#OKL4 #opensource to see what #NSA did to it

2: co.okl4-developer/cyb/sec/OKL4
/open source to see what NSA did to it:

Ph.T 8:57 PM to Jim, developer 
I think the problem is OKL4 is military-grade isolation,
and the NSA doesn't want us to be protected like that .

Daniel Potts danielp@ok-labs.com 9:20 PM to me, developer
Hi Ph. T,
I love the theory!  OKL4 is used for
many Information Assurance programs
- those that make it harder to hack
(irrespective of who you are).
They are also used in the same way
to improve safety, reliability, etc
across all sorts of connected and embedded devices.
I'm not sure what the point of this thread is,
other than to troll OKL.  However,
I am keen to hear some constructive ideas
(as well as conspiracy theories - love them!),
so I'd like to hear about what people are
actually wanting to do with OKL4.
What do you need/want?  What do you plan to build?
Product or academic?
As mentioned previously,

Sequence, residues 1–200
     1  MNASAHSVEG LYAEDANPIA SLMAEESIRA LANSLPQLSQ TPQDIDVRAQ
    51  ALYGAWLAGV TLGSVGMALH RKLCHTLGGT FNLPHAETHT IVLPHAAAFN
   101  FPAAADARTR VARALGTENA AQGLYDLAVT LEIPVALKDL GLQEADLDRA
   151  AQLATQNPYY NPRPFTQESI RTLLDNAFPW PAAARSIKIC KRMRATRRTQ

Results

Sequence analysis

one of the major factors with lack of updates
under a liberal license for OKL4,
is lack of community involvement
such as contributions of new SoC ports, bug fixes,
demo systems, products, etc.
I don't want to discount that
many members of our community
have done some amazing work in the above categories,
but I suppose this open source program
has not gained enough momentum to be self sustaining.
We also had some people take the code and fork it off.
Again, while perhaps within their rights,
that isn't particularly helpful in the spirit of community.
We have kept OKL4 3.x available,
because our main past community involvement
was people wanting to look into a modern kernel,
and those were largely academic.
With OKL4 4.x and later,
we would like to explore
making it more widely available,
and to make a case for that
I am keen to hear more about
what you'd like to use it for.
my thoughts:
. it was only after I read this response to me
that I realized what I had really said:
only by having it closed-sourced,
can it accept obvious vulnerabilities from NSA .

my reply: 
I see that the open source security community
is rallying around Xen, (see Qubes OS)
as it supports unmodified kernels .
. however,
as has been pointed out by okL4 staff,
the Xen TCB is much larger than okL4,
making verification impractical,
in contrast to okL4 Verified .